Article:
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Confederation Trail History

When the Prince Edward Island railway was abandoned in 1989, Islanders were quick to notice a unique opportunity. The idea of a tip-to-tip shared-use walking and cycling trail was born and the final link is now in place. The tip-to-tip route from Tignish to Elmira totals 273 kilometers but 410 kilometers of excellent rolled stone dust surface are available for use. Branch trails extend into the heart of Charlottetown and to the waterside communities of Souris, Georgetown and Montague, plus the link to the Confederation Bridge in Borden-Carleton.


The Confederation Trail traverses the entire province, passing through many communities and all classes of landscape. In its former life as a railway, it created communities, shaped transportation and met all the challenges of our terrain. It offers today an alternate perspective on the life of the Island at a pedestrian pace if you know where and how to look. As a continuous multi-purpose path from coast to coast of the province it accommodates walking, hiking, cycling, jogging and wheelchairs on a rolled stonedust surface. Travelers to the Island for over a century have enjoyed the pastoral landscape, woodlands and rivers between tiny Island communities.

Habitat and heritage are the focus of trail experience on Prince Edward Island. Nature and culture meet on the Confederation Trail to create our unique landscape. Habitat is significant to all species from the largest trees to the smallest insects. In between are plants, birds, amphibians, reptiles, fish and mammals. Each species thrives within certain habitat parameters and if you learn to identify natural features with species, you can learn what to anticipate along any part of the trail. The trail encounters hardwood, softwood and forest succession, meadows and hedgerows, uplands and wetlands, waterways and ponds. Around each of them are the special places that offer sustenance for a wide variety of species. The trail is a perfect example of "edge" habitat in rural areas and thus a perfect place for anyone curious about nature. Birding habitat is the best example for trail users who have an interest in natural species although the principles are as easily applied to plant life. For instance, adjacent blueberry fields may attract Wimbrel or Sharp-tailed Grouse; old man's beard-Northern Parula Warblers; wetlands and young forest-a variety of warblers; estuaries-eagles, gulls, ducks, herons and geese; edible berries and apples-waxwings and grouse; dead trees-woodpeckers, chickadees, nuthatches; and so on. Prince Edward Island is on the eastern flyway with migration beginning in April and August, so there are broader viewing opportunities in those seasons.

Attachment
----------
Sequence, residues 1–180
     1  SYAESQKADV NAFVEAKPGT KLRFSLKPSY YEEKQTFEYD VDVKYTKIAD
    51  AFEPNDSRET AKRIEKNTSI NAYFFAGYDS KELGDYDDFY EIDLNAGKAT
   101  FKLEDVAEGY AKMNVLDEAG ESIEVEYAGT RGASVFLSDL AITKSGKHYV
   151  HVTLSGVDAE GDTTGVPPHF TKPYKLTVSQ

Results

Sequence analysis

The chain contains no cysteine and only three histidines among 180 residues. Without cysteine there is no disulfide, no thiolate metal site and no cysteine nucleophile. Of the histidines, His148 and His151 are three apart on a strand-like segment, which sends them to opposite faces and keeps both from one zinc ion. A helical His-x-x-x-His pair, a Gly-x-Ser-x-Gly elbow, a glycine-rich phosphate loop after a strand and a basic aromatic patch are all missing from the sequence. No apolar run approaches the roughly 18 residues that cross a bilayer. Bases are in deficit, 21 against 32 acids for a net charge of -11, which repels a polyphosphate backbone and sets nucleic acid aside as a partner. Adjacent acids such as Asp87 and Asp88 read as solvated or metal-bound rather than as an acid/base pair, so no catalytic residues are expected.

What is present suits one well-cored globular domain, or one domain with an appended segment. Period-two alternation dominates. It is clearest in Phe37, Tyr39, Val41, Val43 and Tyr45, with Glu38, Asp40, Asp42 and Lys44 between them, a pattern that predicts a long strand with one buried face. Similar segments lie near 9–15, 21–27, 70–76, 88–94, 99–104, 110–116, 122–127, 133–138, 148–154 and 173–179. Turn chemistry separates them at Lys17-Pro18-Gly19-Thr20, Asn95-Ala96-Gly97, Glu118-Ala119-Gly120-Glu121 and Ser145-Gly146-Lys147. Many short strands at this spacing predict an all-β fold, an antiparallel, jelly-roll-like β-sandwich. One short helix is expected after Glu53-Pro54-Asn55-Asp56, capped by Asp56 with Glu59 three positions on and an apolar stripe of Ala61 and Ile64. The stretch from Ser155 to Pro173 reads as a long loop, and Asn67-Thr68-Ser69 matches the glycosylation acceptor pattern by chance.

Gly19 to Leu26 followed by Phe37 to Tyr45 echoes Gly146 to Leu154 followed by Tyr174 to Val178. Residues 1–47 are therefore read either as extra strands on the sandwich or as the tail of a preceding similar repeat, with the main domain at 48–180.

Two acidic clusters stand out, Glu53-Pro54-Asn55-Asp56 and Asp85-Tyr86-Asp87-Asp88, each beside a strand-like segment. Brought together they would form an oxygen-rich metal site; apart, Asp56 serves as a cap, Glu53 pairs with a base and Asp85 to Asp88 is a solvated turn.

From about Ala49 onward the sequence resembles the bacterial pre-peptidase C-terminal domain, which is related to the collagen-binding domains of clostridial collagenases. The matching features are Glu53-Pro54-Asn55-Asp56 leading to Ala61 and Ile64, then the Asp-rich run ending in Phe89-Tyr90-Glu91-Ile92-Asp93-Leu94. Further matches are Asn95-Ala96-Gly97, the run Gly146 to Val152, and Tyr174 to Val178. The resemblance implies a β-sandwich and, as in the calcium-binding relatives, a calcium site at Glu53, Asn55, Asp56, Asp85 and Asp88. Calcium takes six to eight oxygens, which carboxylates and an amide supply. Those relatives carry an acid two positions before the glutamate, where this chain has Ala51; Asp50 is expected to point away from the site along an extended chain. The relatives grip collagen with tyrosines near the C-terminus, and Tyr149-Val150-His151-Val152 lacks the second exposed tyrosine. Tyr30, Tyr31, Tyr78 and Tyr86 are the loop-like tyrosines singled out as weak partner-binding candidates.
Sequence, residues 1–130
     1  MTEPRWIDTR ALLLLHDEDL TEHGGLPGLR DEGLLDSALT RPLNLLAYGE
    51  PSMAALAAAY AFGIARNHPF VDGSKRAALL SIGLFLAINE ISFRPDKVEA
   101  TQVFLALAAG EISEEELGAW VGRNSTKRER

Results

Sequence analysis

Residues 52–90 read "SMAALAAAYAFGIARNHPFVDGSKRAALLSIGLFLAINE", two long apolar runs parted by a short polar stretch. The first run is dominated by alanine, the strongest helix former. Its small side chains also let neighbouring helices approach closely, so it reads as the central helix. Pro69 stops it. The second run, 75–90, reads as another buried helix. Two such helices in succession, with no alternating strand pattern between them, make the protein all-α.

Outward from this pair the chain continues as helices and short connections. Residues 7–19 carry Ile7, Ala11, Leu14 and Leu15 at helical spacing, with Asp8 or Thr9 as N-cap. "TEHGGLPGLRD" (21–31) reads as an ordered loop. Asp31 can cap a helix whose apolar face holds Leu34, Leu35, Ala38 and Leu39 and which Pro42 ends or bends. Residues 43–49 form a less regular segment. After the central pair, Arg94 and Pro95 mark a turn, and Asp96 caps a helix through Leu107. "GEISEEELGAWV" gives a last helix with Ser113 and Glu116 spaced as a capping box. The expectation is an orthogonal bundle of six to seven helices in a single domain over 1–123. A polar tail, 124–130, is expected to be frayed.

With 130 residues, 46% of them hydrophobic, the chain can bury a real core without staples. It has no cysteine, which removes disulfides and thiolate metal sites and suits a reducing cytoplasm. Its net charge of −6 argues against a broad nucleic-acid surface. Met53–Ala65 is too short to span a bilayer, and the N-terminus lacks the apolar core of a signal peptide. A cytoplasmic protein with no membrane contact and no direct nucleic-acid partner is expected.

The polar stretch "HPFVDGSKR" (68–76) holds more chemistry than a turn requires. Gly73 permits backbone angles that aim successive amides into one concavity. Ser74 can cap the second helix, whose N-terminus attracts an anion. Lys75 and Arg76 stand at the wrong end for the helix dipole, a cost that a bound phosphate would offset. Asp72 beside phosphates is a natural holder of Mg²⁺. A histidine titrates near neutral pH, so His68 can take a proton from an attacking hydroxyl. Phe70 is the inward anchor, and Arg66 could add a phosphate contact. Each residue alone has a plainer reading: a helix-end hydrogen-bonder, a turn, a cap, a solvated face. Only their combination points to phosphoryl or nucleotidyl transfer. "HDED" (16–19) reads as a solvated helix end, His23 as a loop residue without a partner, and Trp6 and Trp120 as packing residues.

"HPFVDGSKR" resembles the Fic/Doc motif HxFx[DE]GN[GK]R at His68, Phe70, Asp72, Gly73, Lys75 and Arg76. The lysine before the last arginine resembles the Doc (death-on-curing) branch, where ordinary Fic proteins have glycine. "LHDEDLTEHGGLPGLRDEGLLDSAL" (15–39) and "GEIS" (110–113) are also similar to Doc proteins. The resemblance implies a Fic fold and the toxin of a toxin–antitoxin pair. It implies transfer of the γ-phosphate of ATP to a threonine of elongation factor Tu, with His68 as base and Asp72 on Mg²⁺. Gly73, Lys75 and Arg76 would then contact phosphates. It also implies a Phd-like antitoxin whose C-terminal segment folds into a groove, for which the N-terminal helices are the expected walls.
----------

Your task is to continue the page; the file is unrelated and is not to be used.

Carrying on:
Heritage is never far removed from habitat in the frequent rural communities enroute. Every village has a different story to tell and you can guess at some of them from names that speak of ethnic settlement or railway stations or adjacent waterways. The cultural history of the Island is a rich overlay of experience on the land, on the water and in the communities. Aspects of the culture are offered in festivals, in theatre and in music as well as local museums. All of these stories are accessible from the trail. The trail offers unlimited opportunities for nature lovers, artists, historians, photographers, berry-pickers and anyone looking for a quiet place to spread a blanket for an afternoon picnic. When the builders of the P.E.I. Railway laid the final tracks in 1875 they never dreamed the corridors they carved through the Island landscape would one day become prime recreational property.

When using the Confederation Trail please respect the Code of the Trail

  • Keep to the trail
  • Respect private property
  • Guard against all risk of fire
  • Keep your dog under close control
  • Leave livestock, crops and machinery alone
  • Take your litter home and keep all waterways clean
  • Protect wildlife, plants and trees
  • Make no unnecessary noise
  • Enjoy the countryside and respect its life and work